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Obituary for Former Rochesterian Finvola Drury

Anne Coon forwarded this obituary from beloved Rochester poet and peace activist Fin Drury, who is included in Poets Walk.

From the Bangor Daily News, January 20, 2015

BROOKSVILLE – Finvola Drury, poet, teacher and peace activist, died on Saturday, January 17th, 2015, of natural causes in Blue Hill, Maine. She was 88 years old.

Born in Cleveland, Ohio, in 1926, Ms. Drury was the daughter of Francis William (Dick) Drury and Marie McNeil. She attended Notre Dame Academy and Mary Manse College. Her first teaching was done as a lecturer at the Toledo Museum of Art. In 1948 she married philosopher and teacher George Drury in Chicago. There her daughter and son were born and she was first published in “Poetry, a Magazine of Verse.”

Ms. Drury earned a B.A. from Empire State College and an M.A from the University of Buffalo, where she studied with Robert Creeley and Marcus Klein. She taught Creative Writing at the University College of the University of Chicago, at the Rochester Institute of Technology, and at Writers & Books (Rochester, New York) where she also served for fifteen years on the Board of Directors. During the sixties, she chaired Wayne State University’s Miles Modern Poetry Committee, organizing a remarkable array of readings and events in Detroit. Her poems and prose have appeared in a wide variety of publications, and she is the author of two books of poetry, “Burning the Snow,” and “Elegy on the Death of Joric Ross.” Her poems are included in a number of anthologies, among them “The Next Parish Over: A Collection of Irish-American Writing,” and “I Have My Own Song for It: Modern Poems of Ohio.” Ms. Drury recently received a copy of the proofs for “From The Writing House: A Finvola Drury Reader” (edited by Sohnya Sayres). In his foreword, poet Jim LaVilla-Havelin writes that encountering Fin Drury’s work can make a reader or hearer feel “awake and whole and connected.” Poet Anne C. Coon identifies in Finvola Drury’s writings “a life-long commitment to reflection, to justice, and to the power of the word.”

Ms. Drury taught workshops on autobiographical writing, and she helped many of her students complete and publish their memoirs. Groups founded by former workshop participants continue to meet together to this day. She was invited to read her works at many venues, including The Newberry Library in Chicago. Finvola Drury wrote extensively about her life with her Jewish neighbors in Detroit, and she was frequently asked to share those writings in readings for synagogue-based groups in several cities. Her “The Radio Seder” was broadcast live on WFMT-Chicago as part of the station’s Passover programming. Called Fin by her many friends and students, she interacted generously with people. The poet Langston Hughes once asked her to stay in an audience because she was such a good laugher. Her caregivers and friends said that while they were caring for her, she was still teaching them.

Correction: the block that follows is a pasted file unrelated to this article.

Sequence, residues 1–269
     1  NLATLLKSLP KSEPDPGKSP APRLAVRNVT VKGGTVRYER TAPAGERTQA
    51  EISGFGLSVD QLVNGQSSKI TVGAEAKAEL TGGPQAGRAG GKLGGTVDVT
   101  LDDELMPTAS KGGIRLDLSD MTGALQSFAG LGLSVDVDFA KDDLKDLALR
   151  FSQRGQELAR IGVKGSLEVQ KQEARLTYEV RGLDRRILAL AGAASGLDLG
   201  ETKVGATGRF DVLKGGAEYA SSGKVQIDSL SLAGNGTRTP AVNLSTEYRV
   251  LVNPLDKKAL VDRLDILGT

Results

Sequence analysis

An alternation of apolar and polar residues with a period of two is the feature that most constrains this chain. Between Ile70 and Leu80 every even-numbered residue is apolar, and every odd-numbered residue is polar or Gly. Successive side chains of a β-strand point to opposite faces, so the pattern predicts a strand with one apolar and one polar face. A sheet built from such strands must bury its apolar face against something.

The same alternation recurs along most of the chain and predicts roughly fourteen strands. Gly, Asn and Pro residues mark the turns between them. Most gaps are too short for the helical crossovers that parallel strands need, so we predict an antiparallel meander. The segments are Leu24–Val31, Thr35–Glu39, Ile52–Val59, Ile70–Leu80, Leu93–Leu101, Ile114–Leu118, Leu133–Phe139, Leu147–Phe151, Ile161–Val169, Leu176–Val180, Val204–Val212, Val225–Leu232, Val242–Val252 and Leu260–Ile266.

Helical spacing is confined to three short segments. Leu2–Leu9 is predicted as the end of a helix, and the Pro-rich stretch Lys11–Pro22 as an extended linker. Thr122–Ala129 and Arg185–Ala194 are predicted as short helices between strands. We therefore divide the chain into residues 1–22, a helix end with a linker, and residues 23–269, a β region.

A tireless worker for peace and for civil rights, Finvola Drury in 1968 entered a congressional primary as a peace candidate. She provided active support for the Vietnam Veterans Against the War, helping to feed the veterans who came to Detroit for the first Winter Soldier hearings. She also gave poetry readings to call attention to veterans’ issues. Her father worked on the railroad and that informed her sense of the rights of laborers. At the age of eighty-five, and still in the first stages of recovering from a stroke, she joined her neighbors in a public demonstration.

Ms. Drury cited a significant experience that helped her to think of herself as a writer. She writes: “In 8th grade a nun, Sister Delphine, read aloud an essay of mine, ‘Storm over Lake Erie.’ She pointed out my use of metaphor and rhythms, establishing for me an irreversible connection between myself and language.”

Finvola Drury’s letters, papers and manuscripts are housed in the special Collections Department of the Harlan Hatcher Graduate Library of the University of Michigan at Ann Arbor.

Ms. Drury’s daughter, Finvola, AIDS scientist and health worker, died in 1991. George F. Drury, her husband of sixty-two years, died in 2010. She is survived by her brother David, of Waterville, Ohio, his wife Aggie; many nieces and nephews; her son George, and her daughter-in-law, Kathy Cowan, both of Chicago.